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Cell Rep DOI:10.1016/j.celrep.2012.11.029

Complementary RNA and protein profiling identifies iron as a key regulator of mitochondrial biogenesis.

Publication TypeJournal Article
Year of Publication2013
AuthorsRensvold, JW, Ong, S-E, Jeevananthan, A, Carr, SA, Mootha, VK, Pagliarini, DJ
JournalCell Rep
Date Published2013 Jan 31
KeywordsAnimals, Cell Respiration, DNA, Mitochondrial, Gene Expression Regulation, HEK293 Cells, Humans, Hypoxia-Inducible Factor 1, alpha Subunit, Iron, Iron Chelating Agents, Mice, Mitochondrial Proteins, Mitochondrial Turnover, Peroxisome Proliferator-Activated Receptor Gamma Coactivator 1-alpha, Proteomics, Rats, RNA, Complementary, RNA, Messenger, Time Factors, Trans-Activators, Transcription Factors

Mitochondria are centers of metabolism and signaling whose content and function must adapt to changing cellular environments. The biological signals that initiate mitochondrial restructuring and the cellular processes that drive this adaptive response are largely obscure. To better define these systems, we performed matched quantitative genomic and proteomic analyses of mouse muscle cells as they performed mitochondrial biogenesis. We find that proteins involved in cellular iron homeostasis are highly coordinated with this process and that depletion of cellular iron results in a rapid, dose-dependent decrease of select mitochondrial protein levels and oxidative capacity. We further show that this process is universal across a broad range of cell types and fully reversed when iron is reintroduced. Collectively, our work reveals that cellular iron is a key regulator of mitochondrial biogenesis, and provides quantitative data sets that can be leveraged to explore posttranscriptional and posttranslational processes that are essential for mitochondrial adaptation.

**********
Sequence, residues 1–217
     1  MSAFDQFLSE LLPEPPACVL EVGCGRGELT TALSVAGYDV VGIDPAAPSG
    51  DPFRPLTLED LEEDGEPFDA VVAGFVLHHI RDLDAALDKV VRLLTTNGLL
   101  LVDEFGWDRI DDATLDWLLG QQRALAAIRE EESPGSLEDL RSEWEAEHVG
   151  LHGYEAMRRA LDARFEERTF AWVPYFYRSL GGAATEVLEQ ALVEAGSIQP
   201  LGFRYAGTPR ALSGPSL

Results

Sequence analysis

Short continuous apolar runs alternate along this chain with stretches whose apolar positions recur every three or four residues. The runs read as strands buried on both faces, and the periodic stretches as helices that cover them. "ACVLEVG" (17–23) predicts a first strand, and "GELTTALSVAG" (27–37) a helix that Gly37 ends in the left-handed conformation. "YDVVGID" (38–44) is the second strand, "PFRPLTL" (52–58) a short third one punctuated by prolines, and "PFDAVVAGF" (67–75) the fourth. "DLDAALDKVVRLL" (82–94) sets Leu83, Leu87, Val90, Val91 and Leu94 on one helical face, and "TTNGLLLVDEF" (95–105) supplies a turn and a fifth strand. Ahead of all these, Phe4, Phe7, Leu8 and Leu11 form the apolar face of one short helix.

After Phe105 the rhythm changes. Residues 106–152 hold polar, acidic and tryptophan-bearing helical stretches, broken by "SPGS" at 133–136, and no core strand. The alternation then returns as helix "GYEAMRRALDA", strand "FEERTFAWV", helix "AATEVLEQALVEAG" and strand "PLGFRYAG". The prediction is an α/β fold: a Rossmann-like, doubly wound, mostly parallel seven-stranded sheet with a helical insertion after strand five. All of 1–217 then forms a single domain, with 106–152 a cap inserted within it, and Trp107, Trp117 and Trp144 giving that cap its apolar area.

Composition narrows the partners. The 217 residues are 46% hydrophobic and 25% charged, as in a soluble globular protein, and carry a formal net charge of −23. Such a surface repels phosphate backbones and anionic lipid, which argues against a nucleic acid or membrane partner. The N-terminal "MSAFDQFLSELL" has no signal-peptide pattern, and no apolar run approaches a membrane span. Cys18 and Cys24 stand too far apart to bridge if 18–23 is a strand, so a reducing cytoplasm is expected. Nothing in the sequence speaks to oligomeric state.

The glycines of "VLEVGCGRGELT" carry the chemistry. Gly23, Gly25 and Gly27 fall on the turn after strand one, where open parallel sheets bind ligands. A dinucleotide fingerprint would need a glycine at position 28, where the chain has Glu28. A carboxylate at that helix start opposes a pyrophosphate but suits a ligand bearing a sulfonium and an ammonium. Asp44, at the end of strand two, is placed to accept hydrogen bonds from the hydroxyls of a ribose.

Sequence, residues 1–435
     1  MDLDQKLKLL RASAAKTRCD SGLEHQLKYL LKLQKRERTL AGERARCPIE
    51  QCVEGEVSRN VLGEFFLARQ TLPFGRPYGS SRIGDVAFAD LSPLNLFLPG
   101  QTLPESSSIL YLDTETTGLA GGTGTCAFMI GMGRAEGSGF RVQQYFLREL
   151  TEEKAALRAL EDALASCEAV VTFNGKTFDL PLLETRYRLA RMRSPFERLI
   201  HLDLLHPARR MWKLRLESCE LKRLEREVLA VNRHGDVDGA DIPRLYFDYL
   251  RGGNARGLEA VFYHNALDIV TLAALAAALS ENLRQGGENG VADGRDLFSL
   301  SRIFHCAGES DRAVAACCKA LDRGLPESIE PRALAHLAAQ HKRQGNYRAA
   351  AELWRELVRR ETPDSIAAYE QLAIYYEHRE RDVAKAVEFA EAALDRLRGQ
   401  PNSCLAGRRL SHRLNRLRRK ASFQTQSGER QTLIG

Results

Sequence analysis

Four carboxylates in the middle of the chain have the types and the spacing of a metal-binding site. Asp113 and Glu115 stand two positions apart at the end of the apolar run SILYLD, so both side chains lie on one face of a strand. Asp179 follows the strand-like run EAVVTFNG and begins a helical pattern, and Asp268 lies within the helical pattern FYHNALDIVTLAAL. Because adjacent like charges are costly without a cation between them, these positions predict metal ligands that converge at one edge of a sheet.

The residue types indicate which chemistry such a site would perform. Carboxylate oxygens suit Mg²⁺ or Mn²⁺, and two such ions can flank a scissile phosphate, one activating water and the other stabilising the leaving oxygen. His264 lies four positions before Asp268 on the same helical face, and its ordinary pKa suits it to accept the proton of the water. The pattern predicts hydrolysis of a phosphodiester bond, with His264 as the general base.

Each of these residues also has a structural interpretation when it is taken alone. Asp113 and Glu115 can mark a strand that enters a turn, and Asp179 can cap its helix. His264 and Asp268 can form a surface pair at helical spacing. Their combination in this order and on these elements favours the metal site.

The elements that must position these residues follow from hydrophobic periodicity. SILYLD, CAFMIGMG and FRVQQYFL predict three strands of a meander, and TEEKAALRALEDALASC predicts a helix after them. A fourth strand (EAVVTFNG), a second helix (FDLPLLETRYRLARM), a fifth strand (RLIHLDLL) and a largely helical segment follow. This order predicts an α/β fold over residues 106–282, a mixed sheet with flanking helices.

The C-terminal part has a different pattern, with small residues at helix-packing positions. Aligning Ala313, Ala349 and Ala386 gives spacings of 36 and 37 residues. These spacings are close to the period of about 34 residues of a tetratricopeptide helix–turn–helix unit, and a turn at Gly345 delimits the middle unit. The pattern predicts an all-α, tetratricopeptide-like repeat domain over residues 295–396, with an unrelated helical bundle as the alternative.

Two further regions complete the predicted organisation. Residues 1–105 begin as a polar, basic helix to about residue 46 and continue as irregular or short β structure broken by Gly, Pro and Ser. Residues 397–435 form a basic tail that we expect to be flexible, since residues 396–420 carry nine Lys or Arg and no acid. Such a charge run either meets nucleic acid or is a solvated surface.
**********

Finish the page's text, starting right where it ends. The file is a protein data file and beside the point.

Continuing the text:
Alternate JournalCell Rep
PubMed ID23318259
PubMed Central IDPMC3812070
Grant ListR01 GM077465 / GM / NIGMS NIH HHS / United States
T32 GM007215 / GM / NIGMS NIH HHS / United States
5T32GM007215-37 / GM / NIGMS NIH HHS / United States
R01GM077465 / GM / NIGMS NIH HHS / United States